This study investigated the performance of various prediction equations for estimating GFR in healthy adults compared to DTPA GFR measured by the Gates protocol, which was used as the reference method. When assessing the agreement between two measurement methods, the most important attributes are accuracy, bias, and precision. The lower accuracy and higher (negative) bias of the MDRD equation confirms that the MDRD equation systematically underestimates GFR in healthy South Asians. ROC curve analysis further confirmed that the use of MDRD eGFR in the evaluation of South Asian VKDs might lead to inappropriate exclusion of at least 6.6% of donors due to the incorrect diagnosis of CKD G1, owing primarily to limitations of the equation rather than the subject.
Our data showed that the CKD-EPI cr-cysC equation had the highest accuracy among all equations studied, with 43% and 72% of values lying within ±10% and ±20% of the measured GFR, respectively. Both overall, and in females, the CKD-EPI cysC equation had the least bias, while among males, the CKD-EPI creatinine equation had the least bias. The lower bias for cysC-based equations is not surprising, as cysC is less subject to the effects of age, sex, and race as has been shown by Inker et al., Our data also showed that the mean cysC concentration in our VKDs was similar to that reported in a Caucasian population with measured GFR ≥90 ml/min/1.73 m 2 and did not vary by gender. All these findings put together would argue for cysC-based prediction equations to be systematically adopted for the estimation of GFR in healthy adult South Asians, especially prospective VKDs.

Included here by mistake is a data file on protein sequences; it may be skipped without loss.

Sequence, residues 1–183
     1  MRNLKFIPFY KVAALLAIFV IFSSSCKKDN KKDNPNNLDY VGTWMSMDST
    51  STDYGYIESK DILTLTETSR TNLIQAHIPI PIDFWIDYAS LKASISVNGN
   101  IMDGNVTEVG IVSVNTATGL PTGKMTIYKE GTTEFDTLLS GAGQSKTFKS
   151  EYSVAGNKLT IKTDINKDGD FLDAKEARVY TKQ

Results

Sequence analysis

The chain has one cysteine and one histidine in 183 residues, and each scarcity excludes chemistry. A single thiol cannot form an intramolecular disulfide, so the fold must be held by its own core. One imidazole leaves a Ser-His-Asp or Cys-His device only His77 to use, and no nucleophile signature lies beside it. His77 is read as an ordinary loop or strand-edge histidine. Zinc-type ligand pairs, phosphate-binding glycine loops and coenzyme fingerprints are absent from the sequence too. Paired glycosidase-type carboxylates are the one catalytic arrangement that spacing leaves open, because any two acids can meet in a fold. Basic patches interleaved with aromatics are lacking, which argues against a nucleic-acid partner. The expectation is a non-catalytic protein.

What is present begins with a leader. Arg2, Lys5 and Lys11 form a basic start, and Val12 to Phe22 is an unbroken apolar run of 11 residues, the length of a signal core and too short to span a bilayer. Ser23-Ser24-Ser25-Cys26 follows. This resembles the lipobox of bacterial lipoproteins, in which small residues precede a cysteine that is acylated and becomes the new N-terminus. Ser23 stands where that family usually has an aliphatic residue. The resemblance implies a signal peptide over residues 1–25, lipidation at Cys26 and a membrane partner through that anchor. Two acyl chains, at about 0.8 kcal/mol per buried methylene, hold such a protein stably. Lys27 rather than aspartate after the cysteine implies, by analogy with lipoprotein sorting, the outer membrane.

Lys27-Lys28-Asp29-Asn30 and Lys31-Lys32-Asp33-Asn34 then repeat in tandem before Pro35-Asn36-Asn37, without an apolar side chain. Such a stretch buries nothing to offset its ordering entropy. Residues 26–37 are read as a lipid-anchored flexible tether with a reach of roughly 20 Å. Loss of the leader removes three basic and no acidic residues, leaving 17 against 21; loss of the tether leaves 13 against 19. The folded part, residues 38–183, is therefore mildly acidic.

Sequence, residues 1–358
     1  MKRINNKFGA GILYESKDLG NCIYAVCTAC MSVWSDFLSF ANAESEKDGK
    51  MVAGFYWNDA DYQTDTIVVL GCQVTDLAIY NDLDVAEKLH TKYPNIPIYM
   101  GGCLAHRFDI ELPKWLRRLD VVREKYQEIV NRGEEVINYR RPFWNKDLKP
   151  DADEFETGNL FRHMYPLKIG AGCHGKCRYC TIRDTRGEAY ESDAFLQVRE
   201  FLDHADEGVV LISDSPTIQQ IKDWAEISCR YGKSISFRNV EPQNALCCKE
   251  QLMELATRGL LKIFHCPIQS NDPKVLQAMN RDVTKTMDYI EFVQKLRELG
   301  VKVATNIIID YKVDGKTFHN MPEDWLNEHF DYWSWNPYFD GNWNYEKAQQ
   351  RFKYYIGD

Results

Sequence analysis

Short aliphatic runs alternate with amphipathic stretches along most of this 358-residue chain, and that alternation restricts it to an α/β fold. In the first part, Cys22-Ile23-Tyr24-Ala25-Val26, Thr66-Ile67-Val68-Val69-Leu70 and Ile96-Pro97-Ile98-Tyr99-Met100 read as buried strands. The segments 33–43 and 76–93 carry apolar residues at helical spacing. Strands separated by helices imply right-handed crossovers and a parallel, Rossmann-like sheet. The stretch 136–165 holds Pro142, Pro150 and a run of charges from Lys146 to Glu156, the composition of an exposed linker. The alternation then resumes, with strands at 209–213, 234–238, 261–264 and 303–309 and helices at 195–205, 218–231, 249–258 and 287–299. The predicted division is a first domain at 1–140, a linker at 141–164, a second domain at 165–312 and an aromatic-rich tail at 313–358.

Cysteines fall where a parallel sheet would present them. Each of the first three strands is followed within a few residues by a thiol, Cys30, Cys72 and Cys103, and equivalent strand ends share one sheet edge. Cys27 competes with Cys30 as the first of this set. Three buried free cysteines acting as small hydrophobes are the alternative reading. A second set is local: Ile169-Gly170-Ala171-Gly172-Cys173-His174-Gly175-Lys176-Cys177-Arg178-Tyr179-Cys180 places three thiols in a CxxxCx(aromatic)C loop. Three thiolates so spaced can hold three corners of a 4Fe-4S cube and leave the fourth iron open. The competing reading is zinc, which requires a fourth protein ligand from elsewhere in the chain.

Strengths and limitations
Our study has certain limitations. Our reference method, the measurement of DTPA GFR using the Gates protocol, has been shown to both overestimate  and underestimate  GFR compared to the two-plasma sample method. The strengths of this study are the large sample of VKDs recruited for the study, thus establishing normative values for measured and eGFR in the South Asian population. While values for cysC-based GFR have been previously described in healthy Indian adults, it has not been compared to a reference method of measured GFR till date.
| Conclusions|| |
Our data suggest that overall, the CKD-EPI cr-cysC equation has the highest accuracy and acceptable bias across both genders. If, however, a gender-specific equation is to be used, the CKD-EPI cysC equation should be preferred in females and the CKD-EPI creatinine equation in males.
Financial support and sponsorship
Conflicts of interest
There are no conflicts of interest.
| References|| |
Barai S, Bandopadhayaya GP, Patel CD, Rathi M, Kumar R, Bhowmik D, et al.
Do healthy potential kidney donors in India have an average glomerular filtration rate of 81.4 ml/min? Nephron Physiol 2005;101:p21-6.
Rule AD, Gussak HM, Pond GR, Bergstralh EJ, Stegall MD, Cosio FG, et al.
Measured and estimated GFR in healthy potential kidney donors. Am J Kidney Dis 2004;43:112-9.
Gaspari F, Perico N, Remuzzi G. Application of newer clearance techniques for the determination of glomerular filtration rate. Curr Opin Nephrol Hypertens 1998;7:675-80.
Levey AS, Bosch JP, Lewis JB, Greene T, Rogers N, Roth D. A more accurate method to estimate glomerular filtration rate from serum creatinine: A new prediction equation. Modification of Diet in Renal Disease Study Group. Ann Intern Med 1999;130:461-70.
Cockcroft DW, Gault MH. Prediction of creatinine clearance from serum creatinine. Nephron 1976;16:31-41.
Levey AS, Stevens LA, Schmid CH, Zhang YL, Castro AF 3rd
, Feldman HI, et al.
new equation to estimate glomerular filtration rate. Ann Intern Med 2009;150:604-12.
Filler G, Bökenkamp A, Hofmann W, Le Bricon T, Martínez-Brú C, Grubb A, et al.
Cystatin C as a marker of GFR – History, indications, and future research. Clin Biochem 2005;38:1-8.
Inker LA, Schmid CH, Tighiouart H, Eckfeldt JH, Feldman HI, Greene T, et al.
Estimating glomerular filtration rate from serum creatinine and cystatin C. N Engl J Med 2012;367:20-9.